Back from tutorials

After what’s been a good watercolour period using tutorial videos, I decided it was time to do one all by myself again.

This time I had three specific tasks in mind:

  1. Choose a (quite) simple scene to paint
  2. Don’t spend too much time doing details
  3. Keep the painting loose

So I chose a photo we took in Koh Rong Samloem, Cambodia a few years back, which looked like this:

Koh Rong Samloem, Cambodia

In this scene the boats are pretty much the objects to focus on, with a nice contrast in the trees in the back.

So I set to work, doing a wash:

The wash

The colours I used may have been a little too bright, and the trees in the back got a bit more dominating than I intended.

Anyway, then I did the final layer:

Dinghies in Koh Rong Samloem

What bothers me about this painting is that after all those tutorials, learning to paint in a loose style, I still can’t do it.

Also, the shadows are non-existent, and the poor blend of colours make it look flat.

I’ve also added way too many details. Both the water, sand, boats and trees should have been more cohesive, blending together in a natural way.

I’ll need to challenge myself to be able to paint in a looser style.

So let’s hope I’ll do better in my next attempt πŸ™‚

6 thoughts on “Back from tutorials

  1. Hey!
    A new wonderful picture! I like the colours and the scenery.

    A great effect you would get if you set the horizon not in the centric. Do you know the rule of thrids? Wikipedia:
    https://en.wikipedia.org/wiki/Rule_of_thirds?wprov=sfla1

    At the moment I’m at the same process with my pictures. Ok, I can’t paint such wonderful watercolor picture without lines like you…, but to see the design of a work, use the rules like “rules of thrids” it’s very hard for me.

    I hope I can help you a little bit. I like your pictures!

    Have a great week

    Moony

    Liked by 1 person

    1. Thank you, Moony πŸ™‚
      I really enjoyed our stay at the island, so it was nice to relive it again through the painting πŸ™‚

      I know the rule of thirds from when I learned about photography, but I haven’t really used it in paintings. A brilliant tip! πŸ™‚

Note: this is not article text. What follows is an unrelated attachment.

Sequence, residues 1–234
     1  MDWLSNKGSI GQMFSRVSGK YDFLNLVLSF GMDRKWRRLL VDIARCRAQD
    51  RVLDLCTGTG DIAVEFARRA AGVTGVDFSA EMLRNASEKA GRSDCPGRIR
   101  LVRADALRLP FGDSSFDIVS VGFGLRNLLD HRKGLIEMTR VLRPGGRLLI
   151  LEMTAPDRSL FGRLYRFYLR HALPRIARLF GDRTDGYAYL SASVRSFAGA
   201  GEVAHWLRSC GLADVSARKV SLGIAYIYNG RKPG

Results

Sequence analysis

A great week to you, as well πŸ™‚

      Liked by 1 person

  2. I rather like it. Usually, if I paint five pictures, only two are worthy. Some of the masters threw seven out of ten away. You need to get used to the idea that watercolour is the most difficult, and not every picture will work out. The positive is in the attitude which you have. Cheers. P. S. Try starting with light wash and add layers. The ‘glaze’ techniques as professionals call it. If. Or try a different artist’s tutorial. Lots on YouTube. πŸ‘πŸ‘πŸ˜

    Liked by 1 person

    1. Thank you, Anna πŸ™‚

      Yes, there are certainly quite a few paintings in between the best ones πŸ˜€

      Watercolour is so unforgiving, so there’s usually lots of mistakes in every one of them.

      I have been using two layers on most of the paintings. One wash, which I try to keep light, and a second layer with the darker shades. I guess I could try doing some more layers, and see where it takes me πŸ™‚

      Like

  3. Hi Kim! I like your painting a lot. And I do think the foliage is already quite loose as in: you didn’t attempt to paint every single leaf. I think it takes years of practice to be able to paint loosely. It’s like in Karate Kid: you need to wash that car firstπŸ˜‚

    Liked by 1 person

    1. Thanks, Laureen πŸ™‚

      I guess you have a point there, it just looks so cartoonish…

      There’s such a difference between my paintings and the loose paintings of more skilled painters, but I just can’t put my finger on what it is that makes the difference most of the time.

      But I know practice is the only way to get there, so I’ll wash that car and paint the fence πŸ˜‰

      Liked by 1 person

Leave a Reply

Fill in your details below or click an icon to log in:

WordPress.com Logo

You are commenting using your WordPress.com account. Log Out /  Change )

Google photo

You are commenting using your Google account. Log Out /  Change )

Twitter picture

You are commenting using your Twitter account. Log Out /  Change )

Facebook photo

You are commenting using your Facebook account. Log Out /  Change )

Connecting to %s